All that leads to the shooting up of oxytocin, the hormone that is responsible for getting our feelings involved. It makes us bond and is rightly called the love hormone. “Physical affection increases/iterates the all-important message: I love you, I want to be with you and most important — I love you specifically,” Grace Lee, co-founder of A Good First Date Online, told Elite Daily. And you may want to hug a person you are not sexually attracted to but you wouldn’t feel the burning desire to play tongue tennis with them. And all that skin hunger and lack of rewarding sex can make you a grumpy old hose people are afraid of on Monday mornings.

ALSO READ:#Relationships: 5 Reasons Why Men Love It When You Moan During Sex

Sexual Attraction And Attachment Both Are Important

According to the research by Fischer, both are important for a relationship to last. “The sex drive evolved to motivate individuals to seek a range of mating partners; attraction evolved to motivate individuals to prefer and pursue specific partners; and attachment evolved to motivate individuals to remain together long enough to complete species-specific parenting duties,” the study reads. Of course, we need emotional compatibility and shared values to continue being attached, without relying completely on oxytocin. However, when one of these elements is short, relationships become difficult and that aspect requires work.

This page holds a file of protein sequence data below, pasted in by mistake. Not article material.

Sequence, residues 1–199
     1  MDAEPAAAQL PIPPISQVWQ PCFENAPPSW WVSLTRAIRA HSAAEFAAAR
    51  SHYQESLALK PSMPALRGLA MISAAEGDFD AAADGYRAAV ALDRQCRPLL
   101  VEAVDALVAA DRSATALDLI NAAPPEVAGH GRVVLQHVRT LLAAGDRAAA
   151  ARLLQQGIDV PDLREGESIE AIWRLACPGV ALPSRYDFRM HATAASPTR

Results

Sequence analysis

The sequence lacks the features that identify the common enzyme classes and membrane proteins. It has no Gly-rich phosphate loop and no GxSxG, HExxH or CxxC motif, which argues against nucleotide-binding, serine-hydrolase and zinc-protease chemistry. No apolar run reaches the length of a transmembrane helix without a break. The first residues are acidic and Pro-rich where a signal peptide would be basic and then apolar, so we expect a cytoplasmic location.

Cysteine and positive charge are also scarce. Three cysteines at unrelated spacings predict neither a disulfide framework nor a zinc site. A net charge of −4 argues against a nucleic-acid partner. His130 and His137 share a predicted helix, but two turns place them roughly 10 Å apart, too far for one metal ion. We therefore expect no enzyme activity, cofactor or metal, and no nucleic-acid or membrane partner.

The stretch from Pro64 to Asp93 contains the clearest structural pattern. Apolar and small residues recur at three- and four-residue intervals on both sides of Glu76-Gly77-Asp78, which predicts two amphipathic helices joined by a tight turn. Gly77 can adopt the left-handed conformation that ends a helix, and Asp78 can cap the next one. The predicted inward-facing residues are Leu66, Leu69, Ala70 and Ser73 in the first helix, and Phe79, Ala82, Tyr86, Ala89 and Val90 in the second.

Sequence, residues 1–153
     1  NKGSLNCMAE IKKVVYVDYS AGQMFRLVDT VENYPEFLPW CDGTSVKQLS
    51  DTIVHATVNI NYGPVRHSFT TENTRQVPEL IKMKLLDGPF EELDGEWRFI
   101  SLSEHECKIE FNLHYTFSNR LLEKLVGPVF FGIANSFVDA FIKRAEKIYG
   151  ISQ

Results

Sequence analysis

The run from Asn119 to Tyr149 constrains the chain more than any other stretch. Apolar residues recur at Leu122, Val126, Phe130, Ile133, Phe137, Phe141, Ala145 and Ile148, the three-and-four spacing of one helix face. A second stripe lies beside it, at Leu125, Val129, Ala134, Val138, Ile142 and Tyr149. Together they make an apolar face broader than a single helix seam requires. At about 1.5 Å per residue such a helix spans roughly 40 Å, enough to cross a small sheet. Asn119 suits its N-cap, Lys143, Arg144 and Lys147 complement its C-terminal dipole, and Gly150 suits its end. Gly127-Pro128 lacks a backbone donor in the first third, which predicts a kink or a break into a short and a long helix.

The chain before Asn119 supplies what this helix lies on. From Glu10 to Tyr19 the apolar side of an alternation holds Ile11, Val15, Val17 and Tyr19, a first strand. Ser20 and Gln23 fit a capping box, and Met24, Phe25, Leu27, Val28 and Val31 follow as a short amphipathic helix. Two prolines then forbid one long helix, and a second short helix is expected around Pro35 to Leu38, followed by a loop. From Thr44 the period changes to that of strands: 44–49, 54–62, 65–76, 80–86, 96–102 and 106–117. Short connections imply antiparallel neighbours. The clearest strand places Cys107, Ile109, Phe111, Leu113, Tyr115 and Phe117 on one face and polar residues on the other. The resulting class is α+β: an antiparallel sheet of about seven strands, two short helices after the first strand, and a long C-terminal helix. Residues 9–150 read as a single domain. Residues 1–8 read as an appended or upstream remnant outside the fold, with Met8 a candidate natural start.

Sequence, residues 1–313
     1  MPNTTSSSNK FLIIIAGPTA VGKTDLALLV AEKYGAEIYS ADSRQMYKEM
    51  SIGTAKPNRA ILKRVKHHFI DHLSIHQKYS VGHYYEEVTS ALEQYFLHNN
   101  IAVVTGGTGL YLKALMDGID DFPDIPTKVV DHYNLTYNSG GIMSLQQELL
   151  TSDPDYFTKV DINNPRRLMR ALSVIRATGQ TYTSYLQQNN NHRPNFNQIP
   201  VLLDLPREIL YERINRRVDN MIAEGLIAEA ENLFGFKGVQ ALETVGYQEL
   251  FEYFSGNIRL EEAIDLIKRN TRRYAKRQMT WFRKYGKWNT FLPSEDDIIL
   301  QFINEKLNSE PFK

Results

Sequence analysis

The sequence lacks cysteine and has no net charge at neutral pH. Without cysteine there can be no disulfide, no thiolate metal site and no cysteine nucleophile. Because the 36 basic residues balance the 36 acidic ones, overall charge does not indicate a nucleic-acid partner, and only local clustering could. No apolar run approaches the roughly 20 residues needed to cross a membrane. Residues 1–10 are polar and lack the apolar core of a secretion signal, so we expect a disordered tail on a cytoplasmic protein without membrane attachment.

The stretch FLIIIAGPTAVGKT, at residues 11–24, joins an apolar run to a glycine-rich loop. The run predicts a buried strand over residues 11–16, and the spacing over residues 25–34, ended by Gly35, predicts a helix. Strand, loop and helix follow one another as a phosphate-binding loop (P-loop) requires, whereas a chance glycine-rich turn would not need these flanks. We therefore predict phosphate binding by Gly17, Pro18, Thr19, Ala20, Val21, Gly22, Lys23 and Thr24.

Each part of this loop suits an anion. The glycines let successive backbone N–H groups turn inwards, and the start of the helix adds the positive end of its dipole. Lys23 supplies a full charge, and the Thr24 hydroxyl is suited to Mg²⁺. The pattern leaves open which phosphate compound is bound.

In the end, we need both and how often have you found both in one guy? That’s the brutal truth why I find dating so difficult in today’s times. Sure, sexual chemistry is the easiest to find. Shared values are still manageable. Finding both in one guy requires scuba diving into the dating pool and going into the depths of it and return empty-handed.

ALSO READ: #Relationships: What His Post-Sex Behaviour Says About His Feelings For You(Opens in a new browser tab)